The conflict in Ukraine took a couple of interesting turns on Tuesday — seemingly in opposite directions.
On the one hand, the Ukrainian parliament in Kiev finally approved a deal creating a close association with the European Union. That's the same deal that angered Russia last year and triggered the crisis in Ukraine in the first place.
But lawmakers also passed bills granting autonomy to areas of eastern Ukraine held by pro-Russian rebels and giving some of those rebels amnesty.
Carlotta Gall of the New York Times was in Donetsk, a key city in eastern Ukraine, early on Tuesday. She says everyone there is skeptical about what’s on offer.
She quoted one senior rebel leader as saying, "Look, we asked for this special status six months ago and nobody listened to us, and now it’s too late. We’ve moved on. We’ve had a lot of war and we’ve lost a lot of people. The people have suffered, so now we want independence."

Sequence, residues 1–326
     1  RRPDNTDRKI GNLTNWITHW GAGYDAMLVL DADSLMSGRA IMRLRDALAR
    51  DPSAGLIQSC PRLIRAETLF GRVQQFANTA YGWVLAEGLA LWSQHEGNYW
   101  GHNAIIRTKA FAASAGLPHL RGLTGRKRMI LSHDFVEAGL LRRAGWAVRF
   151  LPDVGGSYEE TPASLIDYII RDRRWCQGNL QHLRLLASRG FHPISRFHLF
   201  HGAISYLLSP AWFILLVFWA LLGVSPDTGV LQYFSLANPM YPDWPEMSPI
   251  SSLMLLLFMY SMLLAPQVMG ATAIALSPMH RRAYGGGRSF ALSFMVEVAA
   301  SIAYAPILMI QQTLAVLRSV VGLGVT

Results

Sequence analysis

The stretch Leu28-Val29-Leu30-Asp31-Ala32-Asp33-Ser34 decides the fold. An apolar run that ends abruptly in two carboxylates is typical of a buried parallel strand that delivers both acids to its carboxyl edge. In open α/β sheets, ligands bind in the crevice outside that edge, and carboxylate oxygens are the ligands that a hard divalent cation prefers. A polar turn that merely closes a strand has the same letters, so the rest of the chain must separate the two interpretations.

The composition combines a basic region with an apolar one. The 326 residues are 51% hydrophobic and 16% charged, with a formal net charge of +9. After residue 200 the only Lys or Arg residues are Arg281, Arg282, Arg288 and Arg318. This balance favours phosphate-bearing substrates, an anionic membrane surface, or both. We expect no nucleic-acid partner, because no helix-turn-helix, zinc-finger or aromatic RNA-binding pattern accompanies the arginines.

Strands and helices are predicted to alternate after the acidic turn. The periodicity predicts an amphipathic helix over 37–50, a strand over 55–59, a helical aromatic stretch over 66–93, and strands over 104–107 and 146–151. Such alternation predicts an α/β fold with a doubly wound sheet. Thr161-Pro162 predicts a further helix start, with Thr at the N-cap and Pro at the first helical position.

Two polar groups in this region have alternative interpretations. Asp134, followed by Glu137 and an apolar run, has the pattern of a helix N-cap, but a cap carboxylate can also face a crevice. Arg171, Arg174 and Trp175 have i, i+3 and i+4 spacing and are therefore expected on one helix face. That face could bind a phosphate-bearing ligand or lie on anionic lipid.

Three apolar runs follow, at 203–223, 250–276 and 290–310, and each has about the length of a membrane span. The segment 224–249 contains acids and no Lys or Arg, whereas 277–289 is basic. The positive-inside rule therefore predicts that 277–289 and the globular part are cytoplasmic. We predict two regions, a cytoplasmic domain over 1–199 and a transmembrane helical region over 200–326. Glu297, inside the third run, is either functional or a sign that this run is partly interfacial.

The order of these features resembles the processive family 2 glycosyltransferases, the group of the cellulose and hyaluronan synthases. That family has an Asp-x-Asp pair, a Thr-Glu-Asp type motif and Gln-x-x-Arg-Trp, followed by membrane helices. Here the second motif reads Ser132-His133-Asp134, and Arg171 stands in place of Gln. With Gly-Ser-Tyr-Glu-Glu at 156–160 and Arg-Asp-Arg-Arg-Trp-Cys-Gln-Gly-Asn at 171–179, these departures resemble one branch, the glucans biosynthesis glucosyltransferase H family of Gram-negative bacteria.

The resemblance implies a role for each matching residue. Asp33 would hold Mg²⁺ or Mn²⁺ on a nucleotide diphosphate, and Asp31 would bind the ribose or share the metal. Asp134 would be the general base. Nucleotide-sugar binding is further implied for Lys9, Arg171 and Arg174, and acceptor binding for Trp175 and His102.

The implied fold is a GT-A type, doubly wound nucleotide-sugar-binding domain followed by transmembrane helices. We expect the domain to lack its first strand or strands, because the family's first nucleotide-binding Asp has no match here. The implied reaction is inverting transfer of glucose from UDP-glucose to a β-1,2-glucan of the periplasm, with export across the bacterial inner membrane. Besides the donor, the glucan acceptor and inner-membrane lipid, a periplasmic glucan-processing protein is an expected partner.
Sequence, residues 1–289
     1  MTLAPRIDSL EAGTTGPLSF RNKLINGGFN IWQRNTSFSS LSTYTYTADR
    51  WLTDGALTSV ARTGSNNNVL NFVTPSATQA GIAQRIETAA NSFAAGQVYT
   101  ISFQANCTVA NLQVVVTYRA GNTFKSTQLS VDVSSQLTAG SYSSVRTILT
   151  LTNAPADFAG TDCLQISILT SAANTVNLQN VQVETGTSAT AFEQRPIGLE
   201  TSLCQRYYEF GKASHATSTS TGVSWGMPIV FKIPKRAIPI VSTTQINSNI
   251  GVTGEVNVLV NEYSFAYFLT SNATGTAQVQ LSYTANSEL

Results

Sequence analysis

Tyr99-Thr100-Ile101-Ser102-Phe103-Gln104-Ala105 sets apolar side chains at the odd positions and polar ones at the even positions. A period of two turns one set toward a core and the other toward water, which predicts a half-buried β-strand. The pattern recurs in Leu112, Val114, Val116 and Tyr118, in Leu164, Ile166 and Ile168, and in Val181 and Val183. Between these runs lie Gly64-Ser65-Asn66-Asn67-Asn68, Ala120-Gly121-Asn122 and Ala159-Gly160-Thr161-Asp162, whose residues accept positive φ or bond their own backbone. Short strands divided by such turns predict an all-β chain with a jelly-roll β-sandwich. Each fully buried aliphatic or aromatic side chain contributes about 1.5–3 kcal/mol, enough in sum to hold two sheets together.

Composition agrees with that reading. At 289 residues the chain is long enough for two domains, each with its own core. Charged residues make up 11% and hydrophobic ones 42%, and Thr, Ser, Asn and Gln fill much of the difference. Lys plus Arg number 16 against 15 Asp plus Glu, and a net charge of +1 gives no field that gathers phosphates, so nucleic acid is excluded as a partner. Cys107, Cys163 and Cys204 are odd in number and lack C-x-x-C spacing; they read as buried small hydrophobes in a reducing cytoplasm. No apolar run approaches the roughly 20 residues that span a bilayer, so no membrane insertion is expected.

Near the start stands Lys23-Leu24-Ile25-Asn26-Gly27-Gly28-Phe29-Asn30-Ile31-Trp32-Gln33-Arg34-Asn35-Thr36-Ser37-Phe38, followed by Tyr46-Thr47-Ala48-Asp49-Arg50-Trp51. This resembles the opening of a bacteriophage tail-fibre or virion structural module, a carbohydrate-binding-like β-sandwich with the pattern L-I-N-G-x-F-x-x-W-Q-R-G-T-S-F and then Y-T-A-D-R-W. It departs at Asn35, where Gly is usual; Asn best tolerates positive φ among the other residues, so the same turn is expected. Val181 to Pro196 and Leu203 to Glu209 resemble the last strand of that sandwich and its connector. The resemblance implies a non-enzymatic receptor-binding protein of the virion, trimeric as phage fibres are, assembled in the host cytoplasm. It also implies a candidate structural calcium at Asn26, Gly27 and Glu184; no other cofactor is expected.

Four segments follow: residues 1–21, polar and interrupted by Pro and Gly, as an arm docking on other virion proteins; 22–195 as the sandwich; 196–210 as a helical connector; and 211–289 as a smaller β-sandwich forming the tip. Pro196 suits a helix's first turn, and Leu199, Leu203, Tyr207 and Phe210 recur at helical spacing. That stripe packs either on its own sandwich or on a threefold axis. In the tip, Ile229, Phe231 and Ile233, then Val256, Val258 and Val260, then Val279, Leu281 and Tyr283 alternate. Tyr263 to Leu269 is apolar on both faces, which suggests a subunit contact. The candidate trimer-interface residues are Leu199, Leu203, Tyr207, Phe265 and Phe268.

Gall says the politicians in Kiev appear to have trouble appreciating how the east is different. “I don’t know how much they really understand," she says, "but when you live there, you really realize that so many people are closely tied with Russia.”
Those ties, she also notes, can even be physical. "In Donetsk, there were always three trains a day to Moscow — and only two to Kiev," she says. "People always see Moscow as a second home and a place to do business. It doesn’t mean they’re traitors or terrorists, it just means they’ve always looked that way. So you‘ve got to work with that.”
Meanwhile, a ceasefire between the Ukraine government and the rebels that started on September 5 is proving tenuous.
“We saw a terrible artillery strike right in the city of Donetsk just two days ago,” Gall says. “It hit a market and killed quite a few people, mostly pensioners going out to do some shopping. Somebody said to me, 'We don’t know what war will be like if this is a ceasefire.'"
While nobody is launching big ground offensives, Gall says, the shelling and shooting continue. “You hear multiple rocket launchers going off, night and day, out from the center of the city," she says. "So it doesn’t feel like a ceasefire a lot of the time.”
With all this in mind, she thinks it’s too soon to say the conflict is moving out of a military phase into a political one. “Certainly everyone in the east does not believe yet that peace is here," she says. "They all say it won’t last. There’s a great deal of pessimism there.”